A British-born Muslim student described as a “wannabe suicide bomber” has been jailed for eight years for a series of terror offences.
Mohammed Atif Siddique, 21, who is said to be Scotland’s first homegrown terrorist, was found guilty last month of providing instruction on weapons and booby-trap bomb making over the internet.
He showed videos of beheadings and suicide bombers to fellow students at the Glasgow Metropolitan College.
The small town shopkeeper’s son told friends that Osama Bin Laden was his god, and one classmate overheard him saying that he wanted to “bomb Glasgow”.
Siddique was detained at Glasgow airport last April amid fears that he was might have been on his way to Canada via Pakistan to join alleged Islamic extremists in Ontario.
The alleged Canadian plot included detonating truck bombs, blowing up shopping malls and storming the Canadian Broadcast Centre and the parliament building.
The alleged plotters are also accused of planning to behead Stephen Harper, the prime minister, and other leaders.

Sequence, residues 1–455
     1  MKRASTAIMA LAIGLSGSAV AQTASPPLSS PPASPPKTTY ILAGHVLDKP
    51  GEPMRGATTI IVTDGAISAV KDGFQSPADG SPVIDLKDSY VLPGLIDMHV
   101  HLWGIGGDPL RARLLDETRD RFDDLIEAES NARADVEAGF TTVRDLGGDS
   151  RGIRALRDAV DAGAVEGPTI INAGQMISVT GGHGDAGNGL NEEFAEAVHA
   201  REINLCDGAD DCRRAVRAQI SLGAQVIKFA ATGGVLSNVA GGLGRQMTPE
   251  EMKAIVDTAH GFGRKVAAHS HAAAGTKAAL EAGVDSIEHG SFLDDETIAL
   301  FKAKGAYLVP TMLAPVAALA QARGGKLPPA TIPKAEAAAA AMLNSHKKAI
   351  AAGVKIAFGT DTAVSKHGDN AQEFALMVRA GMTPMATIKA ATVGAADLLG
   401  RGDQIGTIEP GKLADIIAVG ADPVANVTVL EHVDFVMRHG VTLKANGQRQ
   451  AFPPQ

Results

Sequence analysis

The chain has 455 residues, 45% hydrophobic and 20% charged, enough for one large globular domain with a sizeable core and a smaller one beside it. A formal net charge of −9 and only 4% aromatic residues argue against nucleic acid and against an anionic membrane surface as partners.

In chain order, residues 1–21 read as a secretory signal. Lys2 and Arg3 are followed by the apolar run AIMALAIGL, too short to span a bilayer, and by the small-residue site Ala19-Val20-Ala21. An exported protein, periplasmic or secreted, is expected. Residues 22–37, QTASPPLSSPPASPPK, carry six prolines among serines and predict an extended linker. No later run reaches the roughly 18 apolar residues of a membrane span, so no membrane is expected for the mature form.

Twelve men and five teenage boys are in custody in connection with the plot.
When Siddique was convicted, Jacqui Smith, the Home Secretary, said the case was a reminder that the threat from terrorism was real and “not isolated to any particular region”.
The prosecution told the trial that documents and film footage linked to Siddique were a “call to arms for Muslims”.
Brian McConnachie, prosecuting, said: “It’s clear from that material that the whole idea was to glorify martyrdom operations, which we call suicide bombings.”
Siddique logged on to internet chat rooms using the pseudonym Ya Ya Ayash, the name of the Hamas chief bombmaker who was killed by Israelis who planted a device triggered when he answered his mobile phone.
They also found an al-Qa’eda recruiting video on the laptop urging young Muslim men to become suicide bombers, and a photograph on his mobile phone of protestors carrying placards saying: “Behead those who insult Islam”.
Siddique was said to have been a model pupil at school who became radicalised after going to college in Glasgow, where the computing student became obsessed with religion and a hatred of America.